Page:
June 3, 2004
NEW ORLEANS (AP) — The first head-to-head comparison of common treatments for preventing nausea and vomiting after surgery found that drugs costing a dollar or two work just as well as a more expensive medicine.
Also, a combination of two or three drugs was found to be more effective than just one at preventing people from throwing up after an operation. Some people, though, get sick to their stomach no matter what.
The study, published in Thursday’s New England Journal of Medicine, clarifies a dismally murky area.
Nausea and vomiting after surgery are common side effects of gas anesthesia and opium-related painkillers. Post-op nausea affects one out of three surgery patients — about 25 million a year in the United States.
“For the first time I really feel like I understand what there is to know about preventing nausea and vomiting in the operating room,” said Dr. Allan Gottschalk, an associate professor at Johns Hopkins University.
When medical residents used to ask what to do, Gottschalk said, “I would have to say the literature was such a mess that I really didn’t have any real strong opinions. Now I think we have something.”
The study was led by Dr. Christian Apfel, who began the research at the University of Wurzburg in Germany and now also works at the University of Louisville. He looked at all 64 possible combinations of six nausea treatments.
Three of the treatments are drugs — the steroid dexamethasone; ondansetron, developed to avert vomiting after chemotherapy; and the tranquilizer droperidol. Droperidol costs about $1, dexamethasone $2 or less, and ondansetron $15 or so.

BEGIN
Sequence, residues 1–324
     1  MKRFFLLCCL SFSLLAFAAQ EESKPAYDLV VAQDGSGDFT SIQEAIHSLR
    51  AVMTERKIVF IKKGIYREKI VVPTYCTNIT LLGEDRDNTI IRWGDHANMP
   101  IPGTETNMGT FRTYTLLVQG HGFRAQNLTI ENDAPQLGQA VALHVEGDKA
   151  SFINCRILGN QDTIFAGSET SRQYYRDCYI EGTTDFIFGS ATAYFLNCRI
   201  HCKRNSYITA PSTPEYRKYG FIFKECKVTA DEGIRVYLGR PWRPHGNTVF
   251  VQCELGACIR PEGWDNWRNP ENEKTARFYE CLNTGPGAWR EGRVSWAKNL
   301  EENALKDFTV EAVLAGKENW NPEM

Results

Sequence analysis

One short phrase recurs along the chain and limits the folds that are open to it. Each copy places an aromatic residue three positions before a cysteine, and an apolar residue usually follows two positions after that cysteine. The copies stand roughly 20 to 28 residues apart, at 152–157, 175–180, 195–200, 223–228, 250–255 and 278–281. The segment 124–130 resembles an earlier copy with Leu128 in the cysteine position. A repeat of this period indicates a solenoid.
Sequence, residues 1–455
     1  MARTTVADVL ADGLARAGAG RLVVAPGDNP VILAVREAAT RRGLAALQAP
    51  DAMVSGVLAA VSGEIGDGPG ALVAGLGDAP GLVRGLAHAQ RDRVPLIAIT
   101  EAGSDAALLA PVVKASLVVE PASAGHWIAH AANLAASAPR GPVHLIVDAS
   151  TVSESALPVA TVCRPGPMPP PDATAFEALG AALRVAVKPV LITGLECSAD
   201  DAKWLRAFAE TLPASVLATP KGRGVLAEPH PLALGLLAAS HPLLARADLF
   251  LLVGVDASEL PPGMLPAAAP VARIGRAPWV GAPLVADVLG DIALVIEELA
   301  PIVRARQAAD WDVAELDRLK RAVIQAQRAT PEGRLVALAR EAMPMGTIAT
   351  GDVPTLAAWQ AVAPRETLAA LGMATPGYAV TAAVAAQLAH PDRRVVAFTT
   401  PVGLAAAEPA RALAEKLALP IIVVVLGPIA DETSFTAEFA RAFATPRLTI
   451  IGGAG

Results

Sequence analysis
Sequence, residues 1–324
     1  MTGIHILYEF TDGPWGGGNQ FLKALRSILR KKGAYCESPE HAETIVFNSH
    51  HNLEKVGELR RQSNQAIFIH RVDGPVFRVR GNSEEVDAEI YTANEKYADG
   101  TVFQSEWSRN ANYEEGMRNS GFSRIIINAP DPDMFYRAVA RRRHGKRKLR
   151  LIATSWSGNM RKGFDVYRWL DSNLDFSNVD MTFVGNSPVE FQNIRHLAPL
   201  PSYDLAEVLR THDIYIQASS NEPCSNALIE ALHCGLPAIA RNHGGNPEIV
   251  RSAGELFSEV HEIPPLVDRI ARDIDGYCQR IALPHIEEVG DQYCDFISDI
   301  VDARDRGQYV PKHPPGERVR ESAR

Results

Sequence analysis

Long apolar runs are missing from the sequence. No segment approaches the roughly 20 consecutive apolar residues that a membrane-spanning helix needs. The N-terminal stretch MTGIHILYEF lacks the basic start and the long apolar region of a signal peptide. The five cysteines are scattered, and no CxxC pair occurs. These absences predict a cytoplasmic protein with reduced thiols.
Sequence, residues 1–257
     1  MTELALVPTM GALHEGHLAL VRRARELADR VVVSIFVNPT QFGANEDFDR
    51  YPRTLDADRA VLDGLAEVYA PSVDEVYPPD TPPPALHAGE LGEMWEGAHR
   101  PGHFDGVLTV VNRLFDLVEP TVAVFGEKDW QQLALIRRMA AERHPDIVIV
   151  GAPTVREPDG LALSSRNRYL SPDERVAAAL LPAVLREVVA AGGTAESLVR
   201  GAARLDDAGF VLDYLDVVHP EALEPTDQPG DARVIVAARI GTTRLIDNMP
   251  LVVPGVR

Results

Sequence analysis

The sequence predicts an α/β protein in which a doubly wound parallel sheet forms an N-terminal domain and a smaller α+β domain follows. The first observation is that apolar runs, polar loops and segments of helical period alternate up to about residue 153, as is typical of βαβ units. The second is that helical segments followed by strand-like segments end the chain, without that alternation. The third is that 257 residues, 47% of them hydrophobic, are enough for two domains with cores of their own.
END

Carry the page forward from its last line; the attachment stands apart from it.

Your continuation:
The group also studied two anesthetic techniques — using an intravenous anesthetic rather than gas, and using nitrogen rather than nitrous oxide — as well as use of an ultra-short acting narcotic called remifentanil.
Apfel and colleagues at 28 hospitals in seven countries used every possible combination to learn what worked best on 5,199 patients likely to have post-op stomach upsets.
The three drugs were found to be about equally effective.
Overall, 52% of the patients who got no anti-vomiting drug became ill after surgery. That dropped to 37% of those who got one drug, 28% of those who got two, and 22% of those who got all three.
The IV anesthetic propofol brought a 19% drop compared with use of gas, and nitrogen rather than nitrous oxide a 12% reduction. The painkiller change made no significant difference.
He said that people most likely to suffer post-op nausea are women, nonsmokers and those with a history of such nausea or of motion sickness. So are those undergoing surgery painful enough to need opiates afterward.